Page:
What was the biggest flare-up? Did you ever have fisticuffs and did things ever go flying across the room?

Sure. Punches, shoving. Lamps and other objects thrown. I don’t remember them all. Usually it was something someone did that was really stupid. And it would set someone off: “Why did you fucking do that!?” “Why don’t you just shut up!? Why do you always have to …” – that kind of thing. Take four guys and put them in a room, add alcohol and stir craziness and eventually you’re gonna go off. We just learned how to deal with it.


Was there a particular incident that led to the band’s decision to break up?

No. By that time we had been together for 10 years and we had worked our way up, enjoyed a nice plateau and it seemed like things were starting to work their way back down. We could have ridden it out a little while longer, but we just didn’t want to. Like, why? We did it. We said everything we wanted to say and did what we wanted to do, so the decision to give it up was pretty amicable and mutual.

Why did you decide to do the reunion tour?

Touch & Go were talking about re-mastering and reissuing the back catalog. That coincided with fact that it would have been 10 years since we broke up and 20 years from the time we started. It just seemed like everything was falling into place. We were all in pretty good health and had been playing. I have a practice space in Nashville that was centrally located for everyone. And the offers [from promoters] were seriously good. So it all seemed to fall into place and add up and we said, “Look, if we’re ever going to do this, we should do it now.” And we’d been getting offers all along, but to me, if you’re a band of any note, you can’t do a reunion tour after five years; you haven’t been broken up long enough. That’s not a reunion, it’s a continuance. Ten years is a good amount.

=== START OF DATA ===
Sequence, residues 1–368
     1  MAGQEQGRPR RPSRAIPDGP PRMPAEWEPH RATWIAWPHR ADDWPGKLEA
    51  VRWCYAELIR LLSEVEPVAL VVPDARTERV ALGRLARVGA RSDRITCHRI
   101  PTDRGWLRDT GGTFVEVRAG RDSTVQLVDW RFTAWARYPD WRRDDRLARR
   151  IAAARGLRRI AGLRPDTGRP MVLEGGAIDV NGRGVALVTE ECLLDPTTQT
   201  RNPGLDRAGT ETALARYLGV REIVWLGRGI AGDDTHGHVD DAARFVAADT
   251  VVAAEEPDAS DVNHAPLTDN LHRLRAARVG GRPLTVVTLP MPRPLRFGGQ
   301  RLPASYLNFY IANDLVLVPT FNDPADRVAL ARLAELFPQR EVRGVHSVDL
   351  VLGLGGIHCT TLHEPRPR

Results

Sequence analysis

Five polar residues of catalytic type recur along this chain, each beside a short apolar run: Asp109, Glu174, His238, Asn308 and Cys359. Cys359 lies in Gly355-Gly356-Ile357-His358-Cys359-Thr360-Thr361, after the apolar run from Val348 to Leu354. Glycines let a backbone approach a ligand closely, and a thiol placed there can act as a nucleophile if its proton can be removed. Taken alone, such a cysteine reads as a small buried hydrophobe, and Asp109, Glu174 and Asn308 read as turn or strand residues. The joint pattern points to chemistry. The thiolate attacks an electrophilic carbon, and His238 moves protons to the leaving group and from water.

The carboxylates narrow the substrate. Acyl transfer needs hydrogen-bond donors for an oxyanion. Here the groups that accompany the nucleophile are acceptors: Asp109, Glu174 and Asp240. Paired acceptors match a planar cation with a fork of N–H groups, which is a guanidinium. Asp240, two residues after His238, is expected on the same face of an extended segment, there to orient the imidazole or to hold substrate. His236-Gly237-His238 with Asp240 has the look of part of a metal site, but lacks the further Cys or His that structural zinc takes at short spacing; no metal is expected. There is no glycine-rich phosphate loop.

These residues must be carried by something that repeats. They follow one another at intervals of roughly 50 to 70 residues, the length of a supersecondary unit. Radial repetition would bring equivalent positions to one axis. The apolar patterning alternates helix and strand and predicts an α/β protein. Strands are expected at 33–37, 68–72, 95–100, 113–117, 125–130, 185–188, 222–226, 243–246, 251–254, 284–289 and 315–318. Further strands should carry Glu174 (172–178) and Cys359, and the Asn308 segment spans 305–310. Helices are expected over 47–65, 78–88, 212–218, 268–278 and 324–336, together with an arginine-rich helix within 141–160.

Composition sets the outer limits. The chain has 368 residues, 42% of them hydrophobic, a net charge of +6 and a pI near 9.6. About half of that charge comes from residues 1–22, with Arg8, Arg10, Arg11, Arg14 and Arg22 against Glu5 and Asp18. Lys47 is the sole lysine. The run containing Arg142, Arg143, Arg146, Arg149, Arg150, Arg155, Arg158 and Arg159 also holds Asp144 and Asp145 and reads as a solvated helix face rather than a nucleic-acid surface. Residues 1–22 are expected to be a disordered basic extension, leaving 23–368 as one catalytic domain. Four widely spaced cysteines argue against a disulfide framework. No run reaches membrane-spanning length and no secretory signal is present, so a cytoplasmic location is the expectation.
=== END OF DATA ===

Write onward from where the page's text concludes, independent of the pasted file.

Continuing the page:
The tour was amazing, as the DVD attests. Did that inspire you guys to wrote more songs together and play more tours?

No. We wanted to avoid that cliché as well. We didn’t want to do the endless reunion tour.

Are you still active with Tomahawk?

Yes. I have about a full album’s worth of instrumental demos that have been circulating and I just got an email from Mike Patton (Faith No More, Fantomas) today. And we’re talking all the time. And I’ve been talking with John Stanier (ex-Helmet) and Trevor Dunn (ex-Mr. Bungle, Fantomas). And we will most likely be recording a new album in January.